Data Management As Competitive Advantage: A Roundtable Discussion On Creating Value

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What better way to learn about the current environment, sentiments, and strategies of data digitization than from highly-qualified, cross-sector executives, all sharing their experiences and discussing the best practices of data management? Keep reading for an overview of the highlights, speakers, and takeaways from two roundtable discussions: the first, regarding successful data management innovations and techniques, and the second, the best practices for monetizing data.

Here’s What’s Happening: Trends, Challenges, and Change

In recent decades, we’ve seen a data explosion. Businesses are harnessing real-time data and using it to understand consumer behavior and drive value at a much higher rate than ever before. 

According to IDC’s Data Age: The Global Datasphere, “30 percent of all data will be available real-time in 2025,” and “the global datasphere will grow from 33 zettabytes in 2018 to 175 zettabytes in 2025.” 

Statistics Source: Digitalization of the World, IDC, November 2018

So, how can enterprises begin to manage this influx of data?

According to Quah Siew Heng, Amptree Advisor’s managing consultant and NUS professor, “With so much data, if you cannot manage it, then you cannot monetize it.”

Part One: Achieve Business Impact With Data

An ideal starting place for data management is with the overall outcome. When utilizing a “value chain perspective,” you’re forced to consider the value you’re gaining from the data that has already been collected from both technical and business foundations. By incorporating this strategy into your business, you’re changing the operating model and how you can use data. The overarching framework of the insights value chain is strong, but it also forces you to be a well-rounded enterprise. If your IT is lacking in cloud sourcing, data virtualization, or its tech stack, then the strength of the chain decreases (since it can only be as strong as its weakest link), and the value captured is hindered.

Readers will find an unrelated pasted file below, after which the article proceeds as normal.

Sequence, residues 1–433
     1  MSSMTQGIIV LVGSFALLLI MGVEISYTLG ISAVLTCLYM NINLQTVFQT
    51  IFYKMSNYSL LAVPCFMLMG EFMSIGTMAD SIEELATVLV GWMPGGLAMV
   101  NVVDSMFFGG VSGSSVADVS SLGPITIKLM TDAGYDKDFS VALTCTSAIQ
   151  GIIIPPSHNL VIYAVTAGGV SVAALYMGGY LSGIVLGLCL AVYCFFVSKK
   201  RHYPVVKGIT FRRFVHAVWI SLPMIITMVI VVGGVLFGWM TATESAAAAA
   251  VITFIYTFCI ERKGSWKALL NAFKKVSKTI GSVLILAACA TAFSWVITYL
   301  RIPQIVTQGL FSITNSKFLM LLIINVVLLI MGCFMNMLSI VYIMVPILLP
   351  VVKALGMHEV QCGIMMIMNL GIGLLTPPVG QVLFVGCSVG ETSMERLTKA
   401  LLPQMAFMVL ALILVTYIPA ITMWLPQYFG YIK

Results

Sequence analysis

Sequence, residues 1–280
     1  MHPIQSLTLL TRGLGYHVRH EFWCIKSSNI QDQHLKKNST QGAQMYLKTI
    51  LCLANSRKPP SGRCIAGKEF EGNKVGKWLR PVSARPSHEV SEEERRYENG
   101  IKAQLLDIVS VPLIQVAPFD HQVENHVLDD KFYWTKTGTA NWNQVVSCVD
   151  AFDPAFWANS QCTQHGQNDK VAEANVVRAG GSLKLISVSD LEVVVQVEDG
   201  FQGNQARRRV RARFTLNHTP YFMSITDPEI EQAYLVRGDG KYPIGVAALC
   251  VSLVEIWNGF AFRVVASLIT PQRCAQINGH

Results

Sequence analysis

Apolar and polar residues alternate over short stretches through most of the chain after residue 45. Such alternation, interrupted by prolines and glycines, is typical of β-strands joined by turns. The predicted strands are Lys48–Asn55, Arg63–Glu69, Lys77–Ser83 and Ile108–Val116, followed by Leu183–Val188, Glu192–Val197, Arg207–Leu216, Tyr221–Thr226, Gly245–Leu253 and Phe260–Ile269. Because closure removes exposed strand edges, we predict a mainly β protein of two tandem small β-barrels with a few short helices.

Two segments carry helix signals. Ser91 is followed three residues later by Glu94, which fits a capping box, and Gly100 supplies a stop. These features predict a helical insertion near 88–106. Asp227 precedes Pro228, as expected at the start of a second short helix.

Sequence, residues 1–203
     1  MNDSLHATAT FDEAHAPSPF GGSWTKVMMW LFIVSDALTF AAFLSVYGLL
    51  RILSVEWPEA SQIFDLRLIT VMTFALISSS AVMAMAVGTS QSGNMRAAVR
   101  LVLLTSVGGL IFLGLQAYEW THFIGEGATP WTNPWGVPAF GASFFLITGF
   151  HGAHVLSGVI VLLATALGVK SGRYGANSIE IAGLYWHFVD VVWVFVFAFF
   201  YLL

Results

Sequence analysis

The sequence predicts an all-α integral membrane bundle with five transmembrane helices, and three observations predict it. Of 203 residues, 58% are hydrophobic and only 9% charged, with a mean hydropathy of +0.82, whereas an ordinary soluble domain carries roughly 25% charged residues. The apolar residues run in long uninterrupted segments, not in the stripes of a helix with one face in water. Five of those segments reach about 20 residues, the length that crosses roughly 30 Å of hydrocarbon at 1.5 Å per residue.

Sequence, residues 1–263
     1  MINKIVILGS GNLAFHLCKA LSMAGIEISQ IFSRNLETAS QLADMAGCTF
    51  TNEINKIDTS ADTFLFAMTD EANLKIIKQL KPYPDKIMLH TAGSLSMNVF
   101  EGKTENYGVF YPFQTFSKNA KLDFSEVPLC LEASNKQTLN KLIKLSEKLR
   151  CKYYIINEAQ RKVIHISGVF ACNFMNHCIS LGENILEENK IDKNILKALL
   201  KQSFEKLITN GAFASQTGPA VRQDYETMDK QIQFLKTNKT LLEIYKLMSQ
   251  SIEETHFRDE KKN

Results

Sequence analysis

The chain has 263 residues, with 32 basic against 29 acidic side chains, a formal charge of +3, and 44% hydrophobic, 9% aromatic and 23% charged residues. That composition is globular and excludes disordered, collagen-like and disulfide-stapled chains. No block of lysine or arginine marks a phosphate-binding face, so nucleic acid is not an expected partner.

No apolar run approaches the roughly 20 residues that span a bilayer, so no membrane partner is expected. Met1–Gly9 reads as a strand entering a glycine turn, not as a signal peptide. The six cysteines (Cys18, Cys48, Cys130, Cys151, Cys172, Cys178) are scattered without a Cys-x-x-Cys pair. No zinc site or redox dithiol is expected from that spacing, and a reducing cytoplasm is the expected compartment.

Quah states, “The value chain is multiplicative, meaning that, for the five elements in the value chain (supporting the technical and business foundations together: data, analytics, IT, people, and processes), if one element or component is zero, the impact can be zero. So, it’s not just the data—it’s the analytics, IT, and supporting areas.”

Creating Value From Digital Ecosystems

In recent years, we’ve seen accelerated digitization where consumers have shopped online for everything from grocery to medical services and have made the digital marketplace the new normal. Enterprises will need to adopt this digital-ecosystem model to further accelerate their offerings to consumers as well as a cohesive cloud data ecosystem to help integrate and improve their data efficiency. 

The best thing businesses can do is be highly adaptive, leverage new sources of innovation, decrease the dependency on human resources, and move to AI automation. By doing these three things, you can increase value and move to a more sustainable approach toward data management of all types.

According to Tho Yeong Chien, regional VP, ASEAN & GCH at TIBCO, “Today the competition is getting data in seconds and minutes. So how can we move those kinds of data sources to the hands of the users in a way to help them make meaningful decision processes.”

Part Two: Further Monetize Your Data

Your overall data monetization objective should focus on increasing revenue, improving your operating margin, growing your workforce, enhancing the customer experience, and amplifying asset utilization. The steps you can take to achieve these objectives are plentiful, but the bottom line of data monetization consists of having a lean overhead to reduce costs, digital channels to provide connected experiences, and transactional analytics to better forecast and track operations. 

Learn More About Data Monetization

The takeaway from these discussions is that achieving data management and data monetization takes buy-in. Culturally, there needs to be more conversation around the direct benefits, experiences, mistakes, and best practices so implementing these innovations becomes customary instead of confusing. 

We would like to thank our moderators, panelists, and event organizers for helping facilitate growth and furthering our understanding of the capabilities of well-managed data.

To learn more about TIBCO data management solutions, check out our master and reference data solutions.